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The Reason Sean Connery Regretted Playing James Bond

There are few franchises that have been churning out movies semi-regularly since the early 1960s. Even fewer have brought the kind of box office results that break records. And there's really only one named after a character so suave that grown men immediately feel an overwhelming desire to imitate him when they put on a tuxedo. When it comes to these criteria, no one does it better than Bond — James Bond.

Sean Connery was the original "official" James Bond, bringing the character from the pages of intelligence-officer-turned-writer Ian Fleming's novels to the big screen. His first adventure was 1962's Dr. No, which cost $1 million to make and earned nearly $60 million worldwide (a little over $509 million in 2020 money). The role brought Connery fame, fortune, and an eternal association with an iconic character. But the famously brash and borderline reclusive Connery — who passed away at the age of 90 in October, 2020 — wasn't just a member of the exclusive list of actors who've played Bond. He also has a metaphorical membership to the club of actors who regret the role that made them famous

This is the reason Sean Connery regretted playing James Bond — and why he's not the only one who's felt that way.

Sean Connery tired of James Bond

Connery was lucky to land the role of Bond. According to the late Richard Maibaum, known for his screenplay adaptations of the Bond novels, Fleming "thought David Niven would have made a great James Bond" (via Vanity Fair). Roger Moore was also considered for the part early on. (If you know the entire James Bond timeline, you know both Niven and Moore eventually got their chance to play the super-spy.) Connery's bad-boy vibe ultimately won him the part, but the success of Dr. No quickly turned his big break into an all-encompassing headache.

Connery was dismissive of the Bond films while he was still making them. In 1964 — when his third Bond outing, Goldfinger, was in production — Connery told an interviewer that Bond was just "a dull, prosaic English policeman" when all the "exotic touches" were removed (via Vanity Fair). He could have been demonstrating unique modesty, but it certainly sounds like he didn't think very highly of Bond. 

In November 1965, Connery admitted to a reporter that he was already "fed up to here with the whole Bond bit." Though Connery said at the time that he "shouldn't knock" Bond — and said in a November 1964 interview with The New York Times that he'd be "everlastingly grateful" to the character — his attitude changed over the years.

By the time he was shooting You Only Live Twice, released in 1967, Connery had fallen out with producer Albert "Cubby" Broccoli, who'd been instrumental in getting him hired. It didn't help that he was stalked and chased by paparazzi during filming, or that he felt his salary was too low. You Only Live Twice was meant to be Connery's last Bond appearance, but he returned for 1971's Diamonds Are Forever — though not out of love for the character. In a 1971 interview with The Guardian, Connery made it clear that he resented the studio executives for wasting his time.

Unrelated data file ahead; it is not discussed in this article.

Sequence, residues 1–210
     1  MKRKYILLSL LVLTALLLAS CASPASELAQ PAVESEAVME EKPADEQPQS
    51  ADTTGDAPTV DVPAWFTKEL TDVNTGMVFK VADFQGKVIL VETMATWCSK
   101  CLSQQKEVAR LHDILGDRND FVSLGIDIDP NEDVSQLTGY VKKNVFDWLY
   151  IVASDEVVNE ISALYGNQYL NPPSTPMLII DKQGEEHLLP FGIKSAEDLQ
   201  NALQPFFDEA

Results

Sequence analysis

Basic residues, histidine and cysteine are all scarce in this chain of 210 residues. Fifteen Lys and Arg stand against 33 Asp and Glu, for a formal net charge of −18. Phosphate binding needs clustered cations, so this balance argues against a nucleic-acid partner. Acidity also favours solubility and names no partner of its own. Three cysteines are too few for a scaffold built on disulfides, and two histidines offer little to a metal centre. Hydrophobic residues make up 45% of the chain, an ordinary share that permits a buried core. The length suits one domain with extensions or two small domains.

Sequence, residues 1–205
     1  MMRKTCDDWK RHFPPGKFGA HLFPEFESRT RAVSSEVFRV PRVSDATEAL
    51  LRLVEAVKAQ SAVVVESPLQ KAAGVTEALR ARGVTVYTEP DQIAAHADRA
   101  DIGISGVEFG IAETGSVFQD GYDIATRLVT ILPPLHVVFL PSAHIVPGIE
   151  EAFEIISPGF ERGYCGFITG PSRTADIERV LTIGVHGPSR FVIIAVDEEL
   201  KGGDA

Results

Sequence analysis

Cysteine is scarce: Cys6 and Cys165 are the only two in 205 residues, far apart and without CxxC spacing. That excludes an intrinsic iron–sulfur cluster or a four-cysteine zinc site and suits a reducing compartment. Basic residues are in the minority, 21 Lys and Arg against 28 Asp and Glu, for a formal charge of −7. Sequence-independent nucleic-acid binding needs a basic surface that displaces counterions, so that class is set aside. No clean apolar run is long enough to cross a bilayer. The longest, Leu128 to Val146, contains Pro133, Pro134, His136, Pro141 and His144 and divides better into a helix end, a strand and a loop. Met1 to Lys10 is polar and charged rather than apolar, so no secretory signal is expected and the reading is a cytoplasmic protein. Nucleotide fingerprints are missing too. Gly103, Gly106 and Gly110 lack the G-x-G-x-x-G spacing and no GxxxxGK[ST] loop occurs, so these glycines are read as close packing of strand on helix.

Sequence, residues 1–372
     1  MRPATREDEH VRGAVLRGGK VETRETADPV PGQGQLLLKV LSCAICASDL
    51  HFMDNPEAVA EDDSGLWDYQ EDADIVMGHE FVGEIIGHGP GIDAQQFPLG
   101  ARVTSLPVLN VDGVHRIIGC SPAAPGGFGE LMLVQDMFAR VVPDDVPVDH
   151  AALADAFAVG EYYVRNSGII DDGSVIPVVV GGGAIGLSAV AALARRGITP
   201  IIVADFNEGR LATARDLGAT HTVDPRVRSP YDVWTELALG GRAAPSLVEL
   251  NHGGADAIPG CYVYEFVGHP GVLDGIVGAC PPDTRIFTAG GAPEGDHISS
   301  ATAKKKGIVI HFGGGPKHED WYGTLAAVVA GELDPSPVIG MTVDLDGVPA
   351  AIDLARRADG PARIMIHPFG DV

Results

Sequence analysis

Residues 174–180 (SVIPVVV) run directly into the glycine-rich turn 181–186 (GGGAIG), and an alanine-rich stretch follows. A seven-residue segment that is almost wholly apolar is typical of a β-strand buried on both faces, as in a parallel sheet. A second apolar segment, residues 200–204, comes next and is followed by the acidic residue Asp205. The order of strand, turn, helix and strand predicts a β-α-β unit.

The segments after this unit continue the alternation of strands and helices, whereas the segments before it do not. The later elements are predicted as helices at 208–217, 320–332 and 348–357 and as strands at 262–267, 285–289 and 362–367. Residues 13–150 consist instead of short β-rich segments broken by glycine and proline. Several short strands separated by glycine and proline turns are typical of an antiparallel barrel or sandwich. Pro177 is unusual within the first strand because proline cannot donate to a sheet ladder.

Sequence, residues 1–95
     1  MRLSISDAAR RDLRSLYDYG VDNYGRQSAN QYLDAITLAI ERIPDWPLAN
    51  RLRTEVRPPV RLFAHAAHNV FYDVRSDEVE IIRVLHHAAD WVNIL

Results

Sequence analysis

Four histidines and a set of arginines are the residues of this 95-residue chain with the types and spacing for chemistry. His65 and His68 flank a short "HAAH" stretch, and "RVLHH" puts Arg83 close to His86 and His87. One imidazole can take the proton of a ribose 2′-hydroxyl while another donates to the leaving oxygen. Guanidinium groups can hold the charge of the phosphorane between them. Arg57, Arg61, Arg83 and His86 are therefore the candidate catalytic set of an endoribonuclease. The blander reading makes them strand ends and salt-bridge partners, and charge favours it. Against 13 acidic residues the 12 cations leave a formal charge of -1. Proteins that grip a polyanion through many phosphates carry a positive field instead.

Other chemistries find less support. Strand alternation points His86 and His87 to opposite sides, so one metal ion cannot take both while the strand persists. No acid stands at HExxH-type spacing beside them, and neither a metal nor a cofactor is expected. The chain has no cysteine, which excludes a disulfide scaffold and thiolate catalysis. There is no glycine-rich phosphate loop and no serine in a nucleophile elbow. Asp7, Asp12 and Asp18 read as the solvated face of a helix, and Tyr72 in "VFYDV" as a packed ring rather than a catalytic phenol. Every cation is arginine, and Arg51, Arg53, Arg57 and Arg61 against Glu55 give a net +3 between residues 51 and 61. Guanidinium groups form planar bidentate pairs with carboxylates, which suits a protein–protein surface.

"I'd been [messed] about too much on other Bond pictures. There's so much bulls*** that comes from bad decisions being made at the top," said Connery, who struck a deal to be paid $10,000 per week if the film's shoot ran over the scheduled 18 weeks. He added, "Talking to some of these moguls about it is like trying to describe to someone who has never taken exercise what it is like to feel fit when you do exercise. They don't understand."

Apparently, Connery only agreed to make the movie (having skipped 1969's On Her Majesty's Secret Service) because he was given a large percentage of profits and the opportunity to produce two movies of his choice. And Connery wasn't done with Bond money yet: He returned for the appropriately titled Never Say Never Again, reportedly for around $5 million.

Amidst all of that, Connery made it clear how he really felt about the character that launched his career: "I have always hated that damned James Bond. I'd like to kill him" (via The Guardian).

Daniel Craig evidently hated being Bond from the very start

Connery wasn't the only James Bond actor who'd expressed second thoughts over taking the role. Daniel Craig stepped into Bond's polished dress shoes for 2006's Casino Royale, and has reprised the character in four subsequent movies, including 2020's No Time to Die. However, seemingly following Connery's example, Craig used a 2012 interview in which he was supposed to be promoting Skyfall to reveal that he'd secretly hated being Bond all along.

Craig told Rolling Stone that he wanted out of the franchise "from the very moment I got into it, but they won't let me go." He added that he'd signed up to do two more Bond movies, but was prepared to walk away based on how Skyfall did. (It became Sony's first film to gross over $1 billion, and the studio's highest grossing film ever.)

Speculation immediately kicked off about if and when Craig would leave the film series. That speculation continued for the next few years, as Craig continued in the role while also doubling down on his hatred for the character. Two days after wrapping 2015's Spectre, he used a very graphic self-harm metaphor to indicate that he had no plans to make another Bond movie, but would for the money. True to his word — and just like Connery — Craig was lured in by the siren song of the man with the golden gun. He was reportedly paid $25 million to make No Time to Die, a sum that surely provided a quantum of solace during any on-set hardships.